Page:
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    Turkish town becomes "ship demolition center" of Europe
    Friday, 05 November 2010

    Simsek said that Turkey did not accept problematic and dangerous vessels, nuclear wastes or ships with asbestos for disposal.

    Izmir's Aliaga town, which is known as Turkey's one and only ship breaking yard, have been attracting numerous European firms since last year with its modern ship demolition facilities, officials told AA on Friday.

    A total of 127 ships, mostly coming from European countries, were demolished at the ship breaking yard in Aliaga in 2009 while 187 vessels have been disposed in the region in the first 10 months of 2010, officials said.

    Adem Simsek, chairman of Ship Recyclers' Association of Turkey (GEMISANDER), said that ship demolition facilities in Aliaga had been modernized, remarkable activities had been carried out regarding health and safety conditions at work and a 10 million USD investment had been made for protection against pollution.

    Simsek said European maritime firms preferred Aliaga ship breaking yard thanks to the Aegean town's environment-friendly facilities.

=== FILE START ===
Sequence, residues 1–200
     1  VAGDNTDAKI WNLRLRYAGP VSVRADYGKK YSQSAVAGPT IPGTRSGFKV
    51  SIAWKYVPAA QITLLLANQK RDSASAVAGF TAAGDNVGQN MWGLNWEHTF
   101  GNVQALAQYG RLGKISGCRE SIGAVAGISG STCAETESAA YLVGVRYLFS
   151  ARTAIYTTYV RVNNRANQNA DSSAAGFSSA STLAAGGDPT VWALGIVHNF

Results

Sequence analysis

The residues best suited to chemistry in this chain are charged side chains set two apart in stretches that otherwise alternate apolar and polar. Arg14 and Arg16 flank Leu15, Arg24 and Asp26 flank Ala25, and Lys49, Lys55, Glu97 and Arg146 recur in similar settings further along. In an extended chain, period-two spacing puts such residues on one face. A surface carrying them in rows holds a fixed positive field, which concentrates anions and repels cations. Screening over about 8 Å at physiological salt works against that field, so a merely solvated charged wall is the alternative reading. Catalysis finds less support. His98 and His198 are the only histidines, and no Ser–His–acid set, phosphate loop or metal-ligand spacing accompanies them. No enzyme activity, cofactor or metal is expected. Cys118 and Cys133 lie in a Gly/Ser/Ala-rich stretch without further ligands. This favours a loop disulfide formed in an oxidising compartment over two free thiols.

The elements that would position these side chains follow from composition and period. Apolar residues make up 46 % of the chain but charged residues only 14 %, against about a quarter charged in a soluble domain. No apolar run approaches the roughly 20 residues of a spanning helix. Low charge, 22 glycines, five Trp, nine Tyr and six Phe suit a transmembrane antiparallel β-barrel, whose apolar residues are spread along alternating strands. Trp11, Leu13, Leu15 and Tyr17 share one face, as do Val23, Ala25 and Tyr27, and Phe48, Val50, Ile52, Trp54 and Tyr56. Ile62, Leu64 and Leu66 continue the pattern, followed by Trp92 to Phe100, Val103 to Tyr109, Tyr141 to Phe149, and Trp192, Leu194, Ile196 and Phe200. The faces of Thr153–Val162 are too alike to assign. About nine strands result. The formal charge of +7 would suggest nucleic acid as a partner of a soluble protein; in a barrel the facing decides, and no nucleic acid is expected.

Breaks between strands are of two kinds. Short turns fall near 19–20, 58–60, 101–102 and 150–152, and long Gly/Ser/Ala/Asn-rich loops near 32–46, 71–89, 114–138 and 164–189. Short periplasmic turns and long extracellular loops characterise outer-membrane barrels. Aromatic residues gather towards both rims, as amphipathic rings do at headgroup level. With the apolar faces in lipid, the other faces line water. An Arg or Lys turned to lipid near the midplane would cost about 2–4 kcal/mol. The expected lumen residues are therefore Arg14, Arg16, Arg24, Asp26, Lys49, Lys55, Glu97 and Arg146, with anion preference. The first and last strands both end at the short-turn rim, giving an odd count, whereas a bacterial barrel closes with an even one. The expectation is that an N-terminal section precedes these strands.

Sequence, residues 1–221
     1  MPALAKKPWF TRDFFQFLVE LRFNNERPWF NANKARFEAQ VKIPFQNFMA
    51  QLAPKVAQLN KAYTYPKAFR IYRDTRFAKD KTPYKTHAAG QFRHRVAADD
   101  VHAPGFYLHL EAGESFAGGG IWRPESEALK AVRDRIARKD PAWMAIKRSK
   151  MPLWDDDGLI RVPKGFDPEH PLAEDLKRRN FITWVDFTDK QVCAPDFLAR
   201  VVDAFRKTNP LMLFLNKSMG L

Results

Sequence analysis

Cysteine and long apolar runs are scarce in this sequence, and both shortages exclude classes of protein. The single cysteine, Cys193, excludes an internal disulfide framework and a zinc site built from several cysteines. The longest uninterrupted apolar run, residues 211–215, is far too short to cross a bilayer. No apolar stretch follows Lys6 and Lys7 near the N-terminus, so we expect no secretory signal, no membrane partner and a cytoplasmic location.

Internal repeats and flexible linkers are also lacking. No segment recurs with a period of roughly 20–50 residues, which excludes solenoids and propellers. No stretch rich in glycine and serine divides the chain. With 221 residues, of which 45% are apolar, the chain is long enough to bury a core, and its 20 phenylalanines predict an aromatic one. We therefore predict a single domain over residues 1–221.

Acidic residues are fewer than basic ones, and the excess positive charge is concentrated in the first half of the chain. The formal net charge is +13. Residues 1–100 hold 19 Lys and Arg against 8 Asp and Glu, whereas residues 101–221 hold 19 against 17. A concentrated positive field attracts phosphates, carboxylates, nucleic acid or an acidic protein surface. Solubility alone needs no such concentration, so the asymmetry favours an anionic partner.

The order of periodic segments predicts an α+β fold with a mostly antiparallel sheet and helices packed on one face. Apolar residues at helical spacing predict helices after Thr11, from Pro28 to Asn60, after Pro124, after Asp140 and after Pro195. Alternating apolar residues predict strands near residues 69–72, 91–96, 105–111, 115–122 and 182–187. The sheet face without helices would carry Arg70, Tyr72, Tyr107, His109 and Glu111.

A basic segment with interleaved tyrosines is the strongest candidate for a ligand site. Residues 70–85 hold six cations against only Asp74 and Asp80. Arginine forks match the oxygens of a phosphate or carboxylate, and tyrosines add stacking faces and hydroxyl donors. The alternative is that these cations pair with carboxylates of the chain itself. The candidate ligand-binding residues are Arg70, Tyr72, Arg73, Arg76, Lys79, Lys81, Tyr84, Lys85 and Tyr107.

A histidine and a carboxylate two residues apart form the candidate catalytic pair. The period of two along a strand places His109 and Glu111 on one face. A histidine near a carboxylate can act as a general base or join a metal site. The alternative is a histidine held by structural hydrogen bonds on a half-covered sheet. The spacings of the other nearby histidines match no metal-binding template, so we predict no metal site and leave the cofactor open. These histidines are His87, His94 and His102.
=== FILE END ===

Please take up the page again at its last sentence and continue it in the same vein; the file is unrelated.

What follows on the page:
The chairman noted that nearly 1,800 people were employed at Aliaga ship breaking yard, adding 152,757 tons of ships had been demolished in the region in 2008 while such figure had risen to 297,881 tons in 2009.

    "During the first 10 months of 2010, 187 ships weighing 333,280 tons in total have been scrapped in Aliaga. Our goal is to reach 425,000 tons until the end of the year. We aim to recycle 98 percent of the ships sent to our region," he said.

    Simsek said 5-6 countries currently dealt with ship demolition, however, none of them made progress in terms of Europe's environmental standards.

    "Turkey is the only country among them which totally acts in accordance with environmental regulations and EU standards," he noted.

    Simsek also said that Turkey did not accept problematic and dangerous vessels, nuclear wastes or ships with asbestos for disposal.

    worldbulletin.net

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    Quote Originally Posted by Mid
    The ship-scrapping site on the stretch of beaches at Sitakunda in Chittagong is the largest ship breaking industry in the world that engages some 30,000 workers.